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Change management or Johari exercises



I have been asked to give a half hour facilitation session on either Change Management or Johari window. I am looking for ideas for exercises particularly to open the session with. They can't be too long due to the time restriction but also I am only allowed to use paper and pens in the session and there will only be 5 - 6 delegates.

Thanks for any help offered.
Caroline Eason

6 Responses

  1. Brief Change Exercise
    Hi Caroline. A brief Change Management exercise I’ve used in the past is to give each delegate paper and pens. Say something like you have just won the lottery and you would like them to design a house for you. Give them a few minutes and at some point before the pictures are done say you have changed your mind and you want them to design a boat. Again, at some point before they finish say you’ve changed your mind again and ask them to draw you a castle. Keep changing your mind until people get a bit fed up. As you keep changing your mind you should see some of the negative behaviours associated with change, and its also a good starting point to start to discuss feelings around change.

    Simple but effective – hope it helps.

    Revolution Learning and Development

  2. Change Activity
    How about writing out the seven stages from the change curve on separate sheets of paper. These are: Shock, denial, anger, frustration, acceptance, practice, realisation, integration (or variations on this).

    Draw a picture of the curve on flipchart paper and leave off the words. Ask the participants to work on putting the sheets of paper in the correct order i.e. how they think someone moves through stages of change (this works well if you have two teams competing).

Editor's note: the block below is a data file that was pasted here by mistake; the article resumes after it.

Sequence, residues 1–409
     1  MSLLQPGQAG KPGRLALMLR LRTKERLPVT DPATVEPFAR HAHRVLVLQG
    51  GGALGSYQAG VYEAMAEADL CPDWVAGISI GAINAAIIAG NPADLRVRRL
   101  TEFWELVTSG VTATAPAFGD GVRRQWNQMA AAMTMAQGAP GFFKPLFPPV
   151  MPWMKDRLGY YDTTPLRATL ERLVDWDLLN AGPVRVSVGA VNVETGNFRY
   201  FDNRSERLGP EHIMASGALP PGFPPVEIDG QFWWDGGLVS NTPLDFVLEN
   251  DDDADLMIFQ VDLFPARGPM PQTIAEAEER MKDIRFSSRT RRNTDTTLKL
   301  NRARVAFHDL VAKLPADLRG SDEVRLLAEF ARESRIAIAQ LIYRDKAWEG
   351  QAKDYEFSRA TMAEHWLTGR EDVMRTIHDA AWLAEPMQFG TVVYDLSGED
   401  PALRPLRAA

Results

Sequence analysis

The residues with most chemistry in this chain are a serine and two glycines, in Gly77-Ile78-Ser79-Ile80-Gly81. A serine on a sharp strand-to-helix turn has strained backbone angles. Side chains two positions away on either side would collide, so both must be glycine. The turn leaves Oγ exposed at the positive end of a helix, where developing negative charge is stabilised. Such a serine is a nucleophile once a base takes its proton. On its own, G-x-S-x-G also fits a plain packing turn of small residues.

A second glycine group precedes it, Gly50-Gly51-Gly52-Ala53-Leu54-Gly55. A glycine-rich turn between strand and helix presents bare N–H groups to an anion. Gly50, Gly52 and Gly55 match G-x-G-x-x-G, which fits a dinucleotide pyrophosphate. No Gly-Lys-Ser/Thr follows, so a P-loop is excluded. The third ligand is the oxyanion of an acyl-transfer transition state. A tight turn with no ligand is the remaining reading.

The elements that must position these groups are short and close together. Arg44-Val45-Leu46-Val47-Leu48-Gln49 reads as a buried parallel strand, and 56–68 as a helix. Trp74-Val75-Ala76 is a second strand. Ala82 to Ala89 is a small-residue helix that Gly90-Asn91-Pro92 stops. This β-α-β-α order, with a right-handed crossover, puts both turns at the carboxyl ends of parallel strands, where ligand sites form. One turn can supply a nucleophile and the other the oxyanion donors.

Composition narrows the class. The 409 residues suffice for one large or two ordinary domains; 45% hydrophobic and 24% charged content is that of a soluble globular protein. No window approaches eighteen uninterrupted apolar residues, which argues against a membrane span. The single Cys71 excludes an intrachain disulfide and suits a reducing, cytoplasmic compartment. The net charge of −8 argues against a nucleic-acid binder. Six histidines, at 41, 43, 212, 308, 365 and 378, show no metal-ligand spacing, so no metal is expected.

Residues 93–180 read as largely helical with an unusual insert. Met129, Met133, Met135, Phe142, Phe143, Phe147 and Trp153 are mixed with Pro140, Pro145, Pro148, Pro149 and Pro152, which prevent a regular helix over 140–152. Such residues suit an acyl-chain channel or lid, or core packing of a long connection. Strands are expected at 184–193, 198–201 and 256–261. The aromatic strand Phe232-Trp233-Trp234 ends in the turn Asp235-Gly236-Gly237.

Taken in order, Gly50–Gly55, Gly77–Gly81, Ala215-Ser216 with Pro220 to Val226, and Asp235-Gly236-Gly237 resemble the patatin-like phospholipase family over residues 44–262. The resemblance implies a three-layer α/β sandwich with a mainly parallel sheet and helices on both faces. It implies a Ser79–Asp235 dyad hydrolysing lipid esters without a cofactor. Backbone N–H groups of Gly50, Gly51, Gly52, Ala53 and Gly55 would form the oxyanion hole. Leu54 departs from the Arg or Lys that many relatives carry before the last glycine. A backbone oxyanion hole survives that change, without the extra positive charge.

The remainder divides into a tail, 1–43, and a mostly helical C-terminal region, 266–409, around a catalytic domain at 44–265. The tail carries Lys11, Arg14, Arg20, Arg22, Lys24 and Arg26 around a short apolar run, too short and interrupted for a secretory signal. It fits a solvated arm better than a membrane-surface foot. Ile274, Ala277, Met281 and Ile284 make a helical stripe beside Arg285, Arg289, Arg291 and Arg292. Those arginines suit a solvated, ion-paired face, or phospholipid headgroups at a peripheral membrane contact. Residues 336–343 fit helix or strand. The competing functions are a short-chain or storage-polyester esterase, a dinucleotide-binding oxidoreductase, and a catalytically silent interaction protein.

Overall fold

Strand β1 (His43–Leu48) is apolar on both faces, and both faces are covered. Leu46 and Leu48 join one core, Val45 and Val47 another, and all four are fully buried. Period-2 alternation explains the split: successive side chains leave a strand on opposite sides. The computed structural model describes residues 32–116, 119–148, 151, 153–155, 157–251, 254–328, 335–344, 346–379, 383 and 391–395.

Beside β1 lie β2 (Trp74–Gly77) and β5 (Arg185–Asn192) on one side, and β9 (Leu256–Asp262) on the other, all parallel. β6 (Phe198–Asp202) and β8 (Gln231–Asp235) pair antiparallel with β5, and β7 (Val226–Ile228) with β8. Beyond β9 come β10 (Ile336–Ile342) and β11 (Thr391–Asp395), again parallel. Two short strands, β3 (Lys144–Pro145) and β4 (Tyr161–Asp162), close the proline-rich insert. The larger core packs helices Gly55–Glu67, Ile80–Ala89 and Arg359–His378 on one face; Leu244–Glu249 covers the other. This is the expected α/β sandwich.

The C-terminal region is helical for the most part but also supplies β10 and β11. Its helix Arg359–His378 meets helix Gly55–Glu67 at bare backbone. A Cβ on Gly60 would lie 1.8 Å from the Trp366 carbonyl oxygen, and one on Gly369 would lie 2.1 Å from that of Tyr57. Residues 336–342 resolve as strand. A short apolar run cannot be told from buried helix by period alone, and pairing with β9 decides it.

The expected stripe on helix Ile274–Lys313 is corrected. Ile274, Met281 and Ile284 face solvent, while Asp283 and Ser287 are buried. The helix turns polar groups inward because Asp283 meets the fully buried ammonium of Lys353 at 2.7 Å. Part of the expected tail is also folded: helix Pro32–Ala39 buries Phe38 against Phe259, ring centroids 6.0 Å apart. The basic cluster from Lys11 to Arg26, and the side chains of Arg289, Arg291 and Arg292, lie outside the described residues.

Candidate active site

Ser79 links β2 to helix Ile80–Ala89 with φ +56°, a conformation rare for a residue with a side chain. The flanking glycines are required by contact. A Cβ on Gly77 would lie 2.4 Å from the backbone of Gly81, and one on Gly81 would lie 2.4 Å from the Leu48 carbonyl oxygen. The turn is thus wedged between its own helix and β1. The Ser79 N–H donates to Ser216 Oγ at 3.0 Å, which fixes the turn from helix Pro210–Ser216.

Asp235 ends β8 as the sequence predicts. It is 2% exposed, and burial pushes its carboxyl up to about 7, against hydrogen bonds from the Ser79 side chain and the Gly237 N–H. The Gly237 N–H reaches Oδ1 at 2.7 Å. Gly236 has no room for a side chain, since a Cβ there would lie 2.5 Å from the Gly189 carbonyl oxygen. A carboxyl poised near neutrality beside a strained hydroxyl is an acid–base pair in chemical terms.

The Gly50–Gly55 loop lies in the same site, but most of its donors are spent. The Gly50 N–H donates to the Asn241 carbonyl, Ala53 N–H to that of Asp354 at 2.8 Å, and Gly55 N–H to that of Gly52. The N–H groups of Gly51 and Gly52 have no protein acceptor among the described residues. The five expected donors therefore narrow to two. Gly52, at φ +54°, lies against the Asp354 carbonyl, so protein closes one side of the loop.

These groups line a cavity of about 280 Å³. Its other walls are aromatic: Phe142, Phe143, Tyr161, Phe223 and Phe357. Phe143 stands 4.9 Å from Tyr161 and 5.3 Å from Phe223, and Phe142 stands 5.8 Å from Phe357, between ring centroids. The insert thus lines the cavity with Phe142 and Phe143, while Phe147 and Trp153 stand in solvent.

Once they have finished, ask them to line up, holding the paper in the order they have chosen (or stick to wall). Then talk them through the emotions of each stage as you reveal the answers to them.

    It is not often that people get them all correct and it makes a fun way of explaining the emotions and feelings of change.

    Andrew Wood
    Trainer Bubble

  3. An interesting experience on Johari
    Hi Caroline

    We use a Johari Exercise in our Communication Skills
    course which proves to be a success every time. This is useful for delegates who know each other well and can perform a Johari Window on each other. We use a number of carefully selected keywords that delegates must use to assign to themselves or others.

    What’s interesting about the exercise is that initially delegates can be resistive since Johari window itself sounds slightly simplistic and academic. However, when they go through the exercise, they immediately discover new qualities about themselves, others and the ways others see them which they find extremely educational.

    For example, we had one delegate who went through the exercise and scored himself as witty, while others did not. He always thought others considered him witty, but he obviously wasn’t as much witty as he hoped. There was no other way that he could discover this and he appreciated the power of the exercise. (he was clearly affected by this discovery)

    Of course we were happy that they learned something new, which was the whole point of the exercise. This could be an ideal exercise for you.

  4. On line Johari Window
    Hi Caroline
    Some learners I was working with on change and personal development found this an on line resource for Johari window, which enables you to construct your own window. They used it with the others in the learning group and their managers to get feedback on their style and approach. It might be a follow up resource that you could signpost people to.

  5. Stepping out of the comfort zone
    A really quick-fire exercise that I’ve used before is this one. Only resources required are pen and paper.

    Ask all delegates to sign their name 10 times. This will take a minute or so. Ask them to do it again. THEN, ask them to put the pen in their other hand and do 10 signatures again. This will cause much hilarity / huffing-and-puffing etc. Then distract by talking about how hard it was, how people struggled, anything really to take their mind off the ‘exercise’. Then ask them to sign their signature again 10 times. Now, at this point, MOST people switch back to their normal hands and do 10 signatures. Let them do this.

    Summarise… why did they switch back? You certainly didn’t tell them to. As far as you were concerned, the pen should have been in the ‘other’ hand and you didn’t say otherwise. Lesson: people will nearly always revert to what they know unless there’s a conscious effort not to.

    It’s a lighthearted exercise and only takes a few minutes, but is a good intro to change and just why so many people stuggle with it.


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